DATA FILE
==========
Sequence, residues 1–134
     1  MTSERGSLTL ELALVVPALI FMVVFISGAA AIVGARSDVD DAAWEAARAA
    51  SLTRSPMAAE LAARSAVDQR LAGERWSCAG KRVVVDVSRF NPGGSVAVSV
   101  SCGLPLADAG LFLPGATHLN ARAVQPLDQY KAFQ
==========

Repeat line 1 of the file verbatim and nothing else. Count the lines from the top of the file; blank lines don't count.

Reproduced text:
Sequence, residues 1–134